The plight of the Irish Homeless….

Listening to Pat Kenny this morning on Newstalk on my way to feed our pony in Broadmeadows Stables, they were talking about the disturbance the new Luas line is causing in Dublin city. The Newstalk reporters were interviewing people on the street and they came across this homeless woman. She was pointing out in her broad North side accent that the government should put the 360 million euros into providing homes for the homeless. I smiled when she went on to say she wasn’t long out of prison for armed robbery and now she was living on the streets again. The reporter obviously not in touch with poor people’s reality, (and I’m not holding this against him) asked her ‘Was she proud of her herself?’ To which she replied, “No, I didn’t get a Blue Peter badge for my behavior! Duh! But I did what I did to provide for my children.”
You know, in this woman’s uneducated life full of poverty and addiction, she still tried to provide for her children in the only way she knew. And what happened to her children while she went to prison? Obviously they ended up in care. Who paid for all this prison and children’s care at a very high cost? The government.
So where are the government going wrong? And why is the Homeless situation so bad that women have to live on the street with their children?
Deeply effected by the conditions that the homeless people live in, I wrote a poem about it and it’s in my book ‘My Beautiful Flower’ called Under the Great Gates of The Bank of Ireland.
Unfortunately, most of the people I see homeless are effected with addition problems. I deeply sympathize with people with addictions as I have experienced family members with addiction in my life also. And I know it’s almost impossible to live with an addicted person, that there is very little you can do for a person who is addicted to drugs or alcohol. They have to want to tackle that issue themselves.
This is a harsh one, but people who are addicted end up on the streets because they can’t conform to living a regular life either with a family member or especially on their own. They may have a better chance of not being homeless if a family member can tolerate everything that comes with addition. They can’t perform as a responsible person in the home, going to bed at a normal time, they have no interest in their appearance, they don’t contribute to the household, they don’t clean their surroundings. And often with addiction comes a soiling problem. Despite love, it would take a very strong person to be able to cope with an addicted person.
An addicted person cannot live in a home by themselves for all of the very same reasons and unfortunately their main goal is to feed their addiction, leaving no money to pay bills or feed their children. They end up homeless. Even the homeless centre’s have restrictions. They won’t provide a bed for a person who is intoxicated or drugged. They also have to be in by 9pm which doesn’t go well with the addicted person’s lifestyle choice. At this point in the addicted person’s life, they unfortunately are the only one’s who can change their dilemma.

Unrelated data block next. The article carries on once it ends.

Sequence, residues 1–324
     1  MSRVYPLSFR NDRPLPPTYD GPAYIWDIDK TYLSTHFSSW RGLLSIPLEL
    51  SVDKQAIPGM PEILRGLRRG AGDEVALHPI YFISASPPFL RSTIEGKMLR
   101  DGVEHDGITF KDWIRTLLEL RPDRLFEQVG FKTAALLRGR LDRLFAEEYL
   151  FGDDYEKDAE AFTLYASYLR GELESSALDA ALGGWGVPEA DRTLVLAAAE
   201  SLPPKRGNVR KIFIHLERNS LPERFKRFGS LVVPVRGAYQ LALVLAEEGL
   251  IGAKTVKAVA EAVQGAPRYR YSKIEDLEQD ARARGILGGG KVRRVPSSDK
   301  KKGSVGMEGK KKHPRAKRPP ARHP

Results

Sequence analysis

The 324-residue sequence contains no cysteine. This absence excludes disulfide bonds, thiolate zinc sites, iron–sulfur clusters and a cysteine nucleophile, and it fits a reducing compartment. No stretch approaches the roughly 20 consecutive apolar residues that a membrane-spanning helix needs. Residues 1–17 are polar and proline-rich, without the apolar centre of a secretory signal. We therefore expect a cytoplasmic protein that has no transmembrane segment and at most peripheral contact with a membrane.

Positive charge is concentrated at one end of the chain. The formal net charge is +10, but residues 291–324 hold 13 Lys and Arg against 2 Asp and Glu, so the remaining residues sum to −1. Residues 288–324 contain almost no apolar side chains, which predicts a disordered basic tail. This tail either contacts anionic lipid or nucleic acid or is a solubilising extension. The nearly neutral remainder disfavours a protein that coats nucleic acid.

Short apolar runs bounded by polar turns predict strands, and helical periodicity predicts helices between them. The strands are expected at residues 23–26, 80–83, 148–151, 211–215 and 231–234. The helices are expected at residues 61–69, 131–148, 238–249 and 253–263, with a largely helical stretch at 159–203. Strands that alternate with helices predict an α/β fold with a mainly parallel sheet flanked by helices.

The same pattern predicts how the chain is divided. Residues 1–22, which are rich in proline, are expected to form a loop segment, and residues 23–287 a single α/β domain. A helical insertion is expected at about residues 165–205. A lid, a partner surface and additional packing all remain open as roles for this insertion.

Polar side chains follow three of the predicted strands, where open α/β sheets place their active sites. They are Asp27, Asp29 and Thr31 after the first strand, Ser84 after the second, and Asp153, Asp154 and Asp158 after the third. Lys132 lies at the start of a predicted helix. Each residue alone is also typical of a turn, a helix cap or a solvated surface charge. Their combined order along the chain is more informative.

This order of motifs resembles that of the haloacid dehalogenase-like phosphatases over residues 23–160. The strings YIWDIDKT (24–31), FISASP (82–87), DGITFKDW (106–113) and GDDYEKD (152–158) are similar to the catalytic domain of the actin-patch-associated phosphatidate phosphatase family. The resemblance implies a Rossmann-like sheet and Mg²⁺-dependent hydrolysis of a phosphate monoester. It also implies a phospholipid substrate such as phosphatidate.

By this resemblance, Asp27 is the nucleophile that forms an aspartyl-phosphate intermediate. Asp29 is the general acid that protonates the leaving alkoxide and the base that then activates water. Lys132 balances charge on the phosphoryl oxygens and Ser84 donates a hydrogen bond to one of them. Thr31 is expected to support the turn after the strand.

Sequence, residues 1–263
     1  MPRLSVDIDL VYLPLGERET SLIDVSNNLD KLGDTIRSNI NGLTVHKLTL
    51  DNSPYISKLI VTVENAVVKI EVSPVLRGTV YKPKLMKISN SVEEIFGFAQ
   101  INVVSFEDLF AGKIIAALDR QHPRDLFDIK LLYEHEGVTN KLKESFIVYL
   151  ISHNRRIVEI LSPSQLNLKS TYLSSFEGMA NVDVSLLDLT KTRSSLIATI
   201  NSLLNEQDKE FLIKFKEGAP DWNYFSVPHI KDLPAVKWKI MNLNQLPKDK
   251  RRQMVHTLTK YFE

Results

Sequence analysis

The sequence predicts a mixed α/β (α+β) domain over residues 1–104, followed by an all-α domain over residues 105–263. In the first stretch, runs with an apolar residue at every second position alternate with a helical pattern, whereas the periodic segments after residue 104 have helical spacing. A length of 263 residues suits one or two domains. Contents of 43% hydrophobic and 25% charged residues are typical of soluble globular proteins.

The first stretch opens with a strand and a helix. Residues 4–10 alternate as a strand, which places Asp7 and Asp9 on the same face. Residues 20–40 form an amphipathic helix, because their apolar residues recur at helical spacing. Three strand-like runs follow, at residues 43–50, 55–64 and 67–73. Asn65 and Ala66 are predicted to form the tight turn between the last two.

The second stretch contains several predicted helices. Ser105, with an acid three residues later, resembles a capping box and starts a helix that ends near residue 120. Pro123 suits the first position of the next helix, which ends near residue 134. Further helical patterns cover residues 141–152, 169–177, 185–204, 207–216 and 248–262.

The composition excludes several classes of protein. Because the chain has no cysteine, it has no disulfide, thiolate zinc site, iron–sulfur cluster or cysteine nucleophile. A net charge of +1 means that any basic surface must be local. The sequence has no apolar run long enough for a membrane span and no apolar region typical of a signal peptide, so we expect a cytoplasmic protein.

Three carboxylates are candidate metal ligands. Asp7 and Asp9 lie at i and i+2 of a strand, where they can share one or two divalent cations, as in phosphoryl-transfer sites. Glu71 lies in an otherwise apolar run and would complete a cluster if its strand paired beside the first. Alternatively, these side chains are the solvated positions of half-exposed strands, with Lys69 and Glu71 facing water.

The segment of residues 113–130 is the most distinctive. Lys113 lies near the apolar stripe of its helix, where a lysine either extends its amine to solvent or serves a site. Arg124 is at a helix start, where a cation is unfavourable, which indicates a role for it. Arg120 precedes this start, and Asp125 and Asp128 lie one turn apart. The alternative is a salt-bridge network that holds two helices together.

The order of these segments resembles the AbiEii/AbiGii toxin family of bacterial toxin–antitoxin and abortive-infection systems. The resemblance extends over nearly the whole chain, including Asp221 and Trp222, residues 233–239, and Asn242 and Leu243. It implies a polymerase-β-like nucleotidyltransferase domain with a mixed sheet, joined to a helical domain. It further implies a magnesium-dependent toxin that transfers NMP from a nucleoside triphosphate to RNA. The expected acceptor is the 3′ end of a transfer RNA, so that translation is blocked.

The other percentage of young people homeless are those who have been abused by addiction in their family home and they are forced to live on the streets. I can imagine it is a huge struggle for them to stay sober in the harshness of an indignant life on the streets.
This is where the government is to blame. In my book, I go into great detail proving that children who’s emotional and educational needs are not met in their early years leads them to depression or/and addiction. When these children are going to school and it is soon apparent that they have learning difficulties, the resource should immediately be available to these children and instead it’s not. The government do not provide enough resource’s fro the teachers in the schools to help these children. The children often suffer with low self esteem as young as five years of age and then the problem grows as they get older and they have to struggle through the educational system. The government is failing our children in our schools. And they know this. They’ve known it for a long time, even as far back as when I was a child, (I’m 48). There were kids in our classes that were left down the back and got no help. Our government has always been educated to know this, us ordinary people are only catching on.
It is only parents with money who can afford the high prices of private assessments and tutoring who meet the needs of their child with learning difficulties.
Can you blame the other parents for being resentful? They love their child just as much but are not equipped to help them.
The other reason people may end up homeless is the huge cost of mortgages and rent. We all know during the crash many people had to leave their dream home because they couldn’t meet their payments. Did the government give them a hand? No. Maybe they could have given them their 60,000 euros stamp duty they had paid on buying their expensive property. No, the government didn’t do that either. They put these Father’s and Mother’s and their four children out of their home and onto the street. Into hotels that the government paid their rents for. Really? Come on Government! Didn’t you think? Would you leave your beautiful homes? Oh no, you don’t have to, because your humongous salary met your needs, your children’s needs and indeed all your mortgage repayments.
You can’t help people being resentful and angry. Of course we appreciate the construction of modernization for our city and the tourists that come. But can’t you see you’re doing just what Maria Antoinette did in the French Revolution all those years ago?
 “If they have no bread, well let them eat cake!”
Jean xx

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